Strategies for dealing with conflict February 11, 2009Posted by rickbron in Bronder On People.
Tags: conflict, conflict strategy, dealing with conflict, handling conflict, strategy for dealing with conflict
War! Fight! Battle! Yuck! We often associate these words with conflict. It is not surprising that the number one response to conflict is to avoid it. However, there are actually five different strategies for dealing with conflict.
- Avoid — run away, forget about it, hope it will go away
- Attack — lash out at the conflict, counter with aggressive behavior, try to destroy it
- Resolve — investigate the source, invoke problem solving skills, try to find a solution that works
- Prevent — anticipate potential conflict and take action to prevent it. This strategy is different than avoid since we are being proactive. It is preemptive resolution!
- Walk away — this conflict does not involve me or my goals, it is not important to me, I will not engage and will let it go
What are some of the implications of each of the conflict handling strategies?
Lost productivity — both yours and others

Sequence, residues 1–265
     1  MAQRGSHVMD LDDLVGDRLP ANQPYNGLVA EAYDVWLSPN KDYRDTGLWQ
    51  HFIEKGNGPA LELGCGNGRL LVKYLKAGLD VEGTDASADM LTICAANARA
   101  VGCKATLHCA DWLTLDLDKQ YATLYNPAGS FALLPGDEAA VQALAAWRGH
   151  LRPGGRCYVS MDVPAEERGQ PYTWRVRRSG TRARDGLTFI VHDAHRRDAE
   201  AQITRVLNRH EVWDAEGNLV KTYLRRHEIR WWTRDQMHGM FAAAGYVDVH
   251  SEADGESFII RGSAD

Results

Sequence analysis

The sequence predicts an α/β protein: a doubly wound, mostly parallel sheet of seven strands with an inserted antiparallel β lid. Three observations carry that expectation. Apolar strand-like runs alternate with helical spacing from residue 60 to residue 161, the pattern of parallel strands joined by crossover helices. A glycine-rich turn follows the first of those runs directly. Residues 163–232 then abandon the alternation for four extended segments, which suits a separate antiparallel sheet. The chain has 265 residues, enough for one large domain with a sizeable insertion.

Lost time spent talking about the conflict
Loss of respect by complaining about the conflict
Inappropriate action because you believe you were “hurt”
Trying to get even
Building up your emotions until some small event sets you off
Less than optimum solutions
Higher quality solutions
Faster time to market
High quality solutions
Stay focused on what is important to me
Effective use of my time
Less involvement in arguments
Which strategy is best for you? Well, that depends upon the conflict. The first step is to recognize there is actually a conflict! Conflict is easy to spot. We can sometimes see it, hear it or just plain sense it. The Big Dogz do not involve themselves unnecessarily in conflict. The question they ask when they encounter conflict is this one:
Do I have a dog in this fight?
Is this issue important to me? Do I want to spend the time and energy required to resolve this conflict?
If the answer is “no”, they use the walk away strategy. Walk away is different than avoid because in addition to putting it behind them, they also forget about it.
If the answer is “yes”, then the Big Dogz determine what the best strategy to use is. Here are some guidelines for selecting a strategy:
If you do not have a long-term relationship with this person, use the avoid strategy. Try to convince yourself that using walk away would be better for you. Continued use of the avoid strategy can result in damage to you.
If you have a long-term relationship with this person, then the resolve strategy is optimum.
If the resolve strategy does not work and the issue is very important to you, then go ahead and use the attack strategy.
If you anticipate possible conflict with a person, use the prevent strategy.
One of the characteristics that separate the Big Dogz from others in dealing with conflict is that they make a conscious decision on what strategy they will use to handle the conflict.
What strategies are you using to deal with conflict?